Hello, SEMrush Blog readers. First of all, as a new face on the SEMrush Blog, let me introduce myself.
My name is Maria and I’m one of the team members who is responsible for our tools that provide actionable SEO data – Site Audit and SEO Ideas. Some of you probably already know me because I had a chance to discuss some of our products with you. I’ve also run a couple of webinars.
I’m a huge SEO fan and product development junkie, and I love helping people get the most out of their websites. Of course, this forces me to stay updated on the latest SEO news and trends. After every Google Webmaster Hangout, which I consider a great source of knowledge, I always create a recap for my friends and colleagues, and I thought I would share this one with you.
So, here is my first recap of the major takeaways from the previous hangout with John Mueller, Google’s Webmaster Trends Analyst.
Let’s dive in and learn something new!
Google Search Console Data Evaluation Tips
The session started with an interesting case regarding Google Search Console data.
Search Console provided data on particular website that ranked number one for a specific query; although a simple manual search couldn’t confirm this information – this website just didn’t appear on first position.
John Mueller explained that there are two possible scenarios that could lead to this result.
The first one: personalization. “Look at the number of impressions that you see [in Google Search Console] . If you see a query where a number of impressions should be high, but Search Console says it has a very low number of impressions, then it’s probably something that has to do with personalization.”
This means that you are somehow “connected” with a domain; for example, you follow its page on Google+. That way Google can personalize your search results and that particular domain will have a higher position in your SERP.
The second scenario: if your website’s image showed up in universal search results, Google would count this appearance as a web result as well, which means you’ll see the domain ranking number one in Google Search Console.
Should You Use Nofollow Links On Your Website?
Another tip from John – don’t put nofollow links on your website, unless it’s really necessary. And if you do so, be really attentive. If your website has a complicated structure and you accidentally forget about those nofollow links, you can face some problems when trying to understand why Google is not crawling your new pages. But if this happens, there’s always a solution – conduct a technical site audit. If you do this regularly, you might avoid this problem.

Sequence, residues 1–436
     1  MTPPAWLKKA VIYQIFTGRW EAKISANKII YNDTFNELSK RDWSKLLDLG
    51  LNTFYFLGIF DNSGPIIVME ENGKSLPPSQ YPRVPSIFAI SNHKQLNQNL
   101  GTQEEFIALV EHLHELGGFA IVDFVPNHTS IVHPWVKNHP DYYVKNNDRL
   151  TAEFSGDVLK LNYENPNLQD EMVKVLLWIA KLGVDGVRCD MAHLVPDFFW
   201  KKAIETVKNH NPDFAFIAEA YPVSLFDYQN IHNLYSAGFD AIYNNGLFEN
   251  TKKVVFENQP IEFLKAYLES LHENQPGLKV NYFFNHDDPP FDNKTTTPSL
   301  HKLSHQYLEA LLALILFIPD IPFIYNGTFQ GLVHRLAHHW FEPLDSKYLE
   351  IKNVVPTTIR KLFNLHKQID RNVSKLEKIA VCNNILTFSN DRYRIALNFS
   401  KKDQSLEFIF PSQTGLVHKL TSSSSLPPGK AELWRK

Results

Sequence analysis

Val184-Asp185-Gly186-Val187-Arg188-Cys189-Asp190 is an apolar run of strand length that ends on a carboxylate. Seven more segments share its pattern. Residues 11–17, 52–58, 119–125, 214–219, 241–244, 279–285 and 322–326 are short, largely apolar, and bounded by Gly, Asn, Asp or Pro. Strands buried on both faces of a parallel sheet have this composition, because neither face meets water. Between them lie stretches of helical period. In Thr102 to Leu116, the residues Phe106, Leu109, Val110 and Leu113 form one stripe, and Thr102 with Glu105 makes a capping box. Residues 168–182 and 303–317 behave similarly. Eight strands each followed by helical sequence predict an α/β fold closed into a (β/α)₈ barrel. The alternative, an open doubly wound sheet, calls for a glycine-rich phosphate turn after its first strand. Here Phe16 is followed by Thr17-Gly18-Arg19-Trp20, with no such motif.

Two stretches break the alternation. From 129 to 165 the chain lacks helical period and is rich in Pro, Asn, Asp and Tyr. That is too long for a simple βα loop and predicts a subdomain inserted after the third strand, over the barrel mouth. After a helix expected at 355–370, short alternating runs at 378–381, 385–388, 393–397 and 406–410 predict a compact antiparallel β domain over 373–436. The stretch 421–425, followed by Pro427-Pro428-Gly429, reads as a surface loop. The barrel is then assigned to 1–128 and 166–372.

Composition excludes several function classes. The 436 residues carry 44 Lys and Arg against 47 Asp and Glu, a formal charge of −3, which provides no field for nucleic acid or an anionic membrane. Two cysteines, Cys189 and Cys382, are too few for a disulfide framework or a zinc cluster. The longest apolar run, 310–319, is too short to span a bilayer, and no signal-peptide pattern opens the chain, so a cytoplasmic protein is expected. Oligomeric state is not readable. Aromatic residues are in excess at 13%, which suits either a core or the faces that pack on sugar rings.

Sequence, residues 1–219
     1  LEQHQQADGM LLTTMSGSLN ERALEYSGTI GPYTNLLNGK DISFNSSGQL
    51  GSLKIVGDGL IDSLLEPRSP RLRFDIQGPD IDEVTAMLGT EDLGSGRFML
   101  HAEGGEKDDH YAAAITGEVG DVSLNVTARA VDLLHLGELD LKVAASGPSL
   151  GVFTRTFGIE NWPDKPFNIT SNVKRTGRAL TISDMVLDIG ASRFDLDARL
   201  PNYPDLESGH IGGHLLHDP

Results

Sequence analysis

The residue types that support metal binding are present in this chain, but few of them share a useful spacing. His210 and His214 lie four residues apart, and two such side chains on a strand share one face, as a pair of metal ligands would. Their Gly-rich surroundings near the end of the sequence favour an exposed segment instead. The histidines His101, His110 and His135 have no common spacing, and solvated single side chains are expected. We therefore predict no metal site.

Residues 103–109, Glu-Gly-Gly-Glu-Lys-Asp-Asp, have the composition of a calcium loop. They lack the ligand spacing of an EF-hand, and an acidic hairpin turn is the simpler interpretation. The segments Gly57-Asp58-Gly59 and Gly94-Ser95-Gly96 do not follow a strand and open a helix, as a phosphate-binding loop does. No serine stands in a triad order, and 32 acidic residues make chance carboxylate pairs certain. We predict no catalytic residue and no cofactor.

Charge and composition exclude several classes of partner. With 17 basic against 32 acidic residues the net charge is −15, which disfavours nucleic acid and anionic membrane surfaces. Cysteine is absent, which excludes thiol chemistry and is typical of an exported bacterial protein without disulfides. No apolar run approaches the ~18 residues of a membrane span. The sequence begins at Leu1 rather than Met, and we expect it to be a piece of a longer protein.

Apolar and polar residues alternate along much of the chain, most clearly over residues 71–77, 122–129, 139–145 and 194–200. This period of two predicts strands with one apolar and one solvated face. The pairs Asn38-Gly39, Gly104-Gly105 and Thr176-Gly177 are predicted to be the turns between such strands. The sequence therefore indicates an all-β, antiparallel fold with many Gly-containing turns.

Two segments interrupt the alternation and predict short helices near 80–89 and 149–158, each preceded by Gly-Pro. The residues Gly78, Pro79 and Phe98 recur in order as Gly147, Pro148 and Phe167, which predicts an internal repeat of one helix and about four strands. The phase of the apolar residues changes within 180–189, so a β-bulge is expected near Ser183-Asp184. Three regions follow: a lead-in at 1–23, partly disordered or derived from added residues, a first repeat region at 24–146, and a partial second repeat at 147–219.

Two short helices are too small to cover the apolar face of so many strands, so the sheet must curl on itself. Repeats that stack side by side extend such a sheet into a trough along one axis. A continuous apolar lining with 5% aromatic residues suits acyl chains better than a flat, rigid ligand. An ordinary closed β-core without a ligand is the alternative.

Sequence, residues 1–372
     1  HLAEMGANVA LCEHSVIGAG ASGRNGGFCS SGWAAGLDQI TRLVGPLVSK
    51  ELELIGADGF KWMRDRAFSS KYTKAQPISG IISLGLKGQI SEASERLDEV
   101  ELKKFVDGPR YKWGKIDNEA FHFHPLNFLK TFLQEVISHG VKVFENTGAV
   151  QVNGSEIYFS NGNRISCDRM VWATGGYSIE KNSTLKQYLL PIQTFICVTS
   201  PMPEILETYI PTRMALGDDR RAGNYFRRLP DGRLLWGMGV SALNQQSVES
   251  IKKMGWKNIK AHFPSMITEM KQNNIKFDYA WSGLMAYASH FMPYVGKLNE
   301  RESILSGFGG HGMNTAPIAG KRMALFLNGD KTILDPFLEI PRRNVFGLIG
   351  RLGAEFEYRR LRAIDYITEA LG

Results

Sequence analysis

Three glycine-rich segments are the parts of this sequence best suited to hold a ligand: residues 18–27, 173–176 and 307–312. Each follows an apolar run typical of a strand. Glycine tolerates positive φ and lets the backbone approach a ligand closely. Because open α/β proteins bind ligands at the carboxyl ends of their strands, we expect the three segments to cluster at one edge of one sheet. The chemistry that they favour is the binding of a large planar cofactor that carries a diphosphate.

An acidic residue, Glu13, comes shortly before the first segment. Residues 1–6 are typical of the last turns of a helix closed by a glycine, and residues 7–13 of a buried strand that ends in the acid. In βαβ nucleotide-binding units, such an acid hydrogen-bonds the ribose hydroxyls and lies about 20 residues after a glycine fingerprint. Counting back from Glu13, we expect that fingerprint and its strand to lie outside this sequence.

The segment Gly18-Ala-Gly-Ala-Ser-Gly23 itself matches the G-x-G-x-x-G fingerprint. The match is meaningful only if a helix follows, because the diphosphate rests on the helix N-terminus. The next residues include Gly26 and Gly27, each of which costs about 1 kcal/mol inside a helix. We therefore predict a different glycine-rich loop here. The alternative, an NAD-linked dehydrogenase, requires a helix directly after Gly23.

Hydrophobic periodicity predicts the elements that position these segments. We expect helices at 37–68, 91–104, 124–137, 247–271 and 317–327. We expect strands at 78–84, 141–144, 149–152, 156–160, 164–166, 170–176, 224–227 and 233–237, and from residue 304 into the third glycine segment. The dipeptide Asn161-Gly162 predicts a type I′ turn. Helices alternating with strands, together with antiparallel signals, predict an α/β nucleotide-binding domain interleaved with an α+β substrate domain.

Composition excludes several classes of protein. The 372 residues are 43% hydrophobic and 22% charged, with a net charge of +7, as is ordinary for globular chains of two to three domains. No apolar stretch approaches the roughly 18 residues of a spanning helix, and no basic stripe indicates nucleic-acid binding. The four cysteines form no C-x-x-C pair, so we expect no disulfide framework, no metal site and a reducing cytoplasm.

Knowledge Graph Clicks Are Not Counted in Google Search Console
Another interesting point that I consider to be the most important one made during this hangout is John Mueller’s announcement that Knowledge Graph clicks are not counted in Google Search Console.
You can get all the details from Barry Shwarz’s recent post here.
Also, here’s an important quote from Barry’s post:
“What I know we don’t count is the Knowledge Graph sidebar. So if I search for your company name and then it has a link in the sidebar that goes to your company’s website as well. So that is something we wouldn’t count in the Search Console. But I think the site links we should be counting. Otherwise, I see that as a bug.”
Rich Snippets Won’t Show Up If Your Website Is Low Quality
If you’ve ever tried to implement a Schema markup, then you probably know that, although it seems easy, it can be quite tricky. So, what if you implement an “organization” type of schema and all the tools are saying that you did it right, but there is no proof in the SERP?
When making a decision about showing rich snippets, Google takes into account three criteria:
- Everything implemented technically correct
- It has to be implemented in accordance with Google policy
- The overall quality of the website should be high
Well, if you are sure that everything was done correctly, but you still don’t see any results, I think that’s a pretty serious signal to think about your website overall presence and quality.
How to Decide Whether You Need to Implement AMP
And for dessert, another interesting question: is it necessary to have AMP pages if you already have a responsive website?
OK, first of all, let’s explain what an AMP is. “AMP stands for Accelerated Mobile Pages, a Google-backed project intended as an open standard for any publisher to have pages load quickly on mobile devices.” – searchengineland.com
On December 15, SEL posted the article “Google Search Will Integrate AMP Pages In Feb. 2016, May Get Ranking Boost,” which stated:
“Google discussed mobile page speed as an existing ranking factor (there’s debate about how much of a factor). Since AMP improves load time and page speed, publishers that have AMP pages will likely be prioritized in search results. Google didn’t confirm this explicitly but reiterated the importance of page speed. AMP is likely to be the most accessible way to improve page load times.”
John Mueller confirmed that responsive websites and AMP technology serves different needs:
“Responsive design helps users navigate your website while AMP is a lightning-fast technology intended for displaying news articles right in the SERP while users are doing mobile search.”
Google recently started promoting AMP pages by embedding them directly in the news carousel on SERPs, which will most likely appear for the news search results. And we're all curious how it's going to go. As John mentioned, it's best to look at how things go after the launch and act accordingly. My personal opinion is that we should all keep an eye on AMP, but not act just yet, as there is lots of uncertainty in this field.
OK, that’s it for today. I hope you guys like the recap – please share with me your comments and feedback!